In another aspect, the present invention provides a method for making abrasive particles according to the present invention, the method comprising heat-treating particles comprising the amorphous material such that at least a portion of the amorphous material converts to a glass-ceramic to provide the abrasive particles comprising the glass-ceramic. Typically, the abrasive particles comprising the glass-ceramic are graded after heat-treating to provide a plurality of abrasive particles having a specified nominal grade, wherein at least a portion of the plurality of abrasive particles is a plurality of the abrasive particles comprising the glass-ceramic. Optionally, prior to the heat-treating the particles comprising the amorphous material, a plurality of particles having a specified nominal grade is provided, wherein at least a portion of the particles is a plurality of the particles comprising the amorphous material to be heat-treated, and wherein the heat-treating is conducted such that a plurality of abrasive particles having a specified nominal grade is provided, wherein at least a portion of the abrasive particles is a plurality of the abrasive particles comprising the glass-ceramic.

In another aspect, the present invention provides a method for making abrasive particles according to the present invention, the method comprising:

    • heat-treating amorphous material such that at least a portion of the amorphous material converts to a glass-ceramic according to the present invention having an average hardness of at least 15 GPa; and
    • crushing the glass-ceramic to provide the abrasive particles comprising the glass-ceramic. Typically, the abrasive particles comprising the glass-ceramic are graded to provide a plurality of abrasive particles having a specified nominal grade, wherein at least a portion of the plurality of abrasive particles is a plurality of the abrasive particles comprising the glass-ceramic.

In another aspect, the present invention provides a method of abrading a surface, the method comprising:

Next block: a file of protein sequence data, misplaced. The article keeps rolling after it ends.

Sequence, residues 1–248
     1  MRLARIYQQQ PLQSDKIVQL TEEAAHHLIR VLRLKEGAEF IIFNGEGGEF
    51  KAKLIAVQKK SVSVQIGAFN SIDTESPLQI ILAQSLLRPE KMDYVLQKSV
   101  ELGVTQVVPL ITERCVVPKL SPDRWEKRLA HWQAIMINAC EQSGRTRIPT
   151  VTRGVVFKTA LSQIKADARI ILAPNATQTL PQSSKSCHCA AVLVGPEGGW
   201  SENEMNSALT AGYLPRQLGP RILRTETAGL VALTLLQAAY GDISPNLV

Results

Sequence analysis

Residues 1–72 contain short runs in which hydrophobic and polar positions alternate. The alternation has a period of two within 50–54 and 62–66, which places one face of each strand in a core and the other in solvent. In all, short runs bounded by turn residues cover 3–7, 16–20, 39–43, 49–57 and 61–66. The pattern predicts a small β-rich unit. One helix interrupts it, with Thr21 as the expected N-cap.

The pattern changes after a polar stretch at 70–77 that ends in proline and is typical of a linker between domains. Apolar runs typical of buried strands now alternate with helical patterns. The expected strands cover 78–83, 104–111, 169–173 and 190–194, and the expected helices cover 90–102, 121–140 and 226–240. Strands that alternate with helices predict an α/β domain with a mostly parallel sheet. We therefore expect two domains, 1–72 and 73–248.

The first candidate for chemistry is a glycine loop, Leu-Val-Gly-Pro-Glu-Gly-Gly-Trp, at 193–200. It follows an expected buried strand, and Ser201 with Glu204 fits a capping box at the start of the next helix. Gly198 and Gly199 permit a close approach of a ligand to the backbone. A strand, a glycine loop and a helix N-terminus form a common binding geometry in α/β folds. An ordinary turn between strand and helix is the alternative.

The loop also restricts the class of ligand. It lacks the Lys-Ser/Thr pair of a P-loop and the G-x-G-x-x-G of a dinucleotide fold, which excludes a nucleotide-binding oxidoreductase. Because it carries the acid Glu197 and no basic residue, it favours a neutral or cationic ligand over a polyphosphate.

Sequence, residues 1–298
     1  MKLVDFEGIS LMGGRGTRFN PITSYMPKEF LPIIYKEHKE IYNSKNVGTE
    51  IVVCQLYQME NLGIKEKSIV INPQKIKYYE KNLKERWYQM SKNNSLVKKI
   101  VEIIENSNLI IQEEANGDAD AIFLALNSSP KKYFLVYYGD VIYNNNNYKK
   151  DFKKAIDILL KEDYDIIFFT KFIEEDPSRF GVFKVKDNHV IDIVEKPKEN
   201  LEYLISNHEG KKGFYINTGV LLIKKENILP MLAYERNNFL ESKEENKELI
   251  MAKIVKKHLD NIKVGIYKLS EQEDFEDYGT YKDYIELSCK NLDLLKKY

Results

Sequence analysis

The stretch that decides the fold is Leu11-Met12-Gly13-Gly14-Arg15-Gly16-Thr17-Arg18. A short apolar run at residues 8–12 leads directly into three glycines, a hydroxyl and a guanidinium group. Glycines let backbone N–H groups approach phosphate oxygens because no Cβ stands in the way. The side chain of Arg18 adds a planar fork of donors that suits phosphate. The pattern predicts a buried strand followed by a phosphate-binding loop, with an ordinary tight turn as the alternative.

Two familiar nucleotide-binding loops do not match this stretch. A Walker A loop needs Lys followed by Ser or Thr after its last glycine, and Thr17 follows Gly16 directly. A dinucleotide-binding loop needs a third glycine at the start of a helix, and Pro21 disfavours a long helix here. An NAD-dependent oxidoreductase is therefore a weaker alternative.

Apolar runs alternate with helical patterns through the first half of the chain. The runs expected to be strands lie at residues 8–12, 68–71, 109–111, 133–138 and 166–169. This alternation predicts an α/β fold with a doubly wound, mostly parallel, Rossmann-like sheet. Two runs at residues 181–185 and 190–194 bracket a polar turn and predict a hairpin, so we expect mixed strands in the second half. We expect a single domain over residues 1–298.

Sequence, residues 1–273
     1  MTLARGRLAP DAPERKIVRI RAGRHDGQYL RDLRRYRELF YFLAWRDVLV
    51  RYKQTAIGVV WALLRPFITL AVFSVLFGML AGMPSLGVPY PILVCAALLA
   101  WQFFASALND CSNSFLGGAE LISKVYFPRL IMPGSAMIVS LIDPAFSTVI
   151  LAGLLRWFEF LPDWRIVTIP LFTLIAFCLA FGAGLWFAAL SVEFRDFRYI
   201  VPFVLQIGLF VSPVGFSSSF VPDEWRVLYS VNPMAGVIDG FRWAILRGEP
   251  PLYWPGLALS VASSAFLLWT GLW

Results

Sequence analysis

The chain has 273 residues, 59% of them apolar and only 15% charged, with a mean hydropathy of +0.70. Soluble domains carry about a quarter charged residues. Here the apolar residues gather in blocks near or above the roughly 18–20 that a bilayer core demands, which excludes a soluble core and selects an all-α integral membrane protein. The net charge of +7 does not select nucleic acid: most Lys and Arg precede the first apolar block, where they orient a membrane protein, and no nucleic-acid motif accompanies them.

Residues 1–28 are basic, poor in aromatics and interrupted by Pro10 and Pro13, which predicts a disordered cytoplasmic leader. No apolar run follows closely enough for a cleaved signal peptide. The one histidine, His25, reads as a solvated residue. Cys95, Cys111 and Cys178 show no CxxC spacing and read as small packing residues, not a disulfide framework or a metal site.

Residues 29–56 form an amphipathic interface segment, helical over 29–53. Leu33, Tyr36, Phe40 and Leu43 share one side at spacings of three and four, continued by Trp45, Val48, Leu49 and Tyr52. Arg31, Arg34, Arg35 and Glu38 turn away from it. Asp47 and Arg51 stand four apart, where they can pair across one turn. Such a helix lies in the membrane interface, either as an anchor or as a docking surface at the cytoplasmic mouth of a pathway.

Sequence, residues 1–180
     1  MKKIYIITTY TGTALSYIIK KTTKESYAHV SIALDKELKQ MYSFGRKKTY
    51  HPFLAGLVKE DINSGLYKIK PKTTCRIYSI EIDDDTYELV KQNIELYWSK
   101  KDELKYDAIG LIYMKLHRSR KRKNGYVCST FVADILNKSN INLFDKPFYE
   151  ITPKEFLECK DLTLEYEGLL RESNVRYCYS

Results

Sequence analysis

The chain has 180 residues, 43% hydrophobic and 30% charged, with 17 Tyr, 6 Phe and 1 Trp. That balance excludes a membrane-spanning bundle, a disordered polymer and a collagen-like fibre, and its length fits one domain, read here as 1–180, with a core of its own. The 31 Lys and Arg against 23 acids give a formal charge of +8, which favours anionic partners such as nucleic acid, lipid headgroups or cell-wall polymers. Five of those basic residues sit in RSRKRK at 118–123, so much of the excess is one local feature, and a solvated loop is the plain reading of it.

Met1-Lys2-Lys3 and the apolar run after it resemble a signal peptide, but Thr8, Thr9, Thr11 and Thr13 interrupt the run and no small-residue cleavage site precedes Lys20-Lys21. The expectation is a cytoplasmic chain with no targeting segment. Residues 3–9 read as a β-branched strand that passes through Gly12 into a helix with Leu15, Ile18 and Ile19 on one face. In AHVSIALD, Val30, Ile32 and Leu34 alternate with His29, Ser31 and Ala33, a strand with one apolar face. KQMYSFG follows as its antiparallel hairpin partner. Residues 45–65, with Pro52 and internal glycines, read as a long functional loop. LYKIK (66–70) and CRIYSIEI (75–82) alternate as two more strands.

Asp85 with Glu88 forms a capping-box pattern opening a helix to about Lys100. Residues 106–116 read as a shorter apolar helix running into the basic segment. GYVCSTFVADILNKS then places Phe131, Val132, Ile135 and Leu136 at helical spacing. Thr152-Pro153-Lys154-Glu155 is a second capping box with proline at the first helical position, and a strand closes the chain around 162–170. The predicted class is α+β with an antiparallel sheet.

• providing an abrasive article comprising a binder and a plurality of abrasive particles, wherein at least a portion of the abrasive particles according to the present invention;
    • contacting at least one of the abrasive particles according to the present invention with a surface of a workpiece; and
    • moving at least one of the contacted abrasive particles according to the present invention or the contacted surface to abrade at least a portion of the surface with the contacted abrasive particle according to the present invention.

In another aspect, the present invention provides a method for making glass-ceramic according to the present invention, the method comprising:

    • combining at least (a) glass, the glass having a Tg, and (b) refractory particles (e.g., metal oxide particles, boride particles, carbide particles, nitride particles, diamond particles, metallic particles, glass particles, and combinations thereof) relative to the glass particles;
    • heating the glass particles above the Tg such that the glass particles coalesce;
    • cooling the glass to provide ceramic; and
    • heat-treating the glass of the ceramic such that at least a portion of the glass converts to the glass-ceramic.